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I’m going to be turning 18 in a few months, and I think it’s time for me to buy my first home and start a life. I’m not sure yet if I want an apartment or a house. I have sufficient money, and my credit is unscathed, but it’s something I’ve never done before. Where do I get a Realtor? What’s the difference between renting an apartment and owning a house? Is it anything like applying for a job? (do an interview, they check your credit, they check your resume, they find out “who you are” ect) Are you supposed to pay up-front or over time? How do you contact a landlord? How long does the process of home-buying take?

Sorry about my ignorance of this topic. Like I said, I’ll still be in high school when this happens. They don’t teach people about this stuff in school, and my parents don’t know that I’m going to do this yet.
Thanks for the advice! 😉
By the way, I have had the same job for about a year and a half. I know that houses usually run about 250,000 dollars in the area near my school. Like I said, that’s not really an issue. Of course I have credit, otherwise I wouldn’t be asking this.

4 Thoughts on How do I buy real-estate?
  1. Reply
    My Take on It
    October 28, 2011 at 3:32 am

    First off, unless you have 30 to 50% to put down on a house, you won’t be buying anything.
    At the age of 18, you don’t even have credit. You don’t have a rental history. Have you had the same job for 2 years?

    What is your idea of *sufficient money* and how much are houses in your area?

  2. Reply
    October 28, 2011 at 4:04 am

    If you’re just turning 18, it is highly unlikely that you have enough money to buy a house, or even for a down payment for that matter. And even if you had enough for a down payment, you need to have a credit score of at least 620 and a job that allows you to make your monthly mortgage payments. You need to have been working at that job for quite some time. And don’t forget electricity, water, gas, property taxes, insurance, repairs, maintenance, etc. There are a LOT of expenses when owning a home!

    I can tell you right now that your parents will tell you that buying a house is out of the question.

  3. Reply
    Steve D
    October 28, 2011 at 4:20 am

    First, you will need to be working for two years at the same job/employer before you can even consider getting a mortgage to buy a house or condo. You can, of course, pay cash and avoid a mortgage (I hope by sufficient cash you are talking $ 50,000 or more).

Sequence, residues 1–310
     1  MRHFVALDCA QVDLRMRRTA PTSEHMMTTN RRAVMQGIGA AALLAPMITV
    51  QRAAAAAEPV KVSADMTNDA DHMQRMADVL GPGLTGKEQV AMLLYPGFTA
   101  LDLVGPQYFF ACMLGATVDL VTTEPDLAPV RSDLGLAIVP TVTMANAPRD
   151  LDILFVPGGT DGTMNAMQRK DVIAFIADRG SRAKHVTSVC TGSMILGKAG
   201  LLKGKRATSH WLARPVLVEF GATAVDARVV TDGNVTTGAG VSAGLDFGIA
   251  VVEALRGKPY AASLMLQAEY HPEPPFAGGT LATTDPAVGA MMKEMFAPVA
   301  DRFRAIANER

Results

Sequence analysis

The difference between renting and owning is that when you rent, you give your money (rent) to a landlord every month and you are allowed to use the apartment – you aren’t buying anything. When you take out a mortgage or buy a house, you actually own it and can sell it when you want, etc.

    There is a lot more to it than this and you should spend some time looking around the internet at financial advice sites to get an idea of thr pros and cons of renting versus buying.

  4. Reply
    October 28, 2011 at 4:31 am

    Your best first step is to walk into a bank or a mortgage broker and see how much of a mortgage you could potentially be approved for. This is a free service and they can calculate how much home you could afford or if you maybe need to work on part of your finances for longer (i.e. save up a bigger down payment, as you’ll need about 25% as down payment). They can also go over all the closing costs which would be associated with buying a home because things like lawyers fees, home inspection fees, transfer taxes and more can really add up above and beyond the 25% you already put as down payment.

    A real estate agent can also do the same thing for you, although I’ve found that a mortgage broker or even your own bank can walk you through the basics. A mortgage broker or your bank is going to focus strictly on the financing of a home – not finding one. The real estate agent will help you find a house you like within your price range. To afford a house that costs about 250,000 you’re looking at needing an after tax salary of about $ 4000 per month and a down payment of $ 50,000 (and get a $ 200,000 mortgage), just to give you a rough idea.

    Hopefully that’s not too discouraging, but once you see how much you need to have as down payment and monthly income to afford houses, it’s no wonder that 18 year olds seldom own houses. It would be great if you could, but for many people it’s just not feasible.

    For renting, some landlords will rent to just about anyone. Others will want to interview you (at least informally – meet you and show you the apartment). For anything less than executive class apartments you’ll be looking on your own. Check your neighborhood for vacancy signs on apartment buildings or your local classified ads. You’ll be asked to fill in an application (most of the time) and sign a legal agreement. They’ll do a credit check and ask for first and last months rent to be paid up front, as well as potentially a security deposit. They’ll probably also be asking for a letter of reference from your employer stating your salary so they know you can afford to live there. Even if you have great credit, they will not rent to you unless you’re making enough money.

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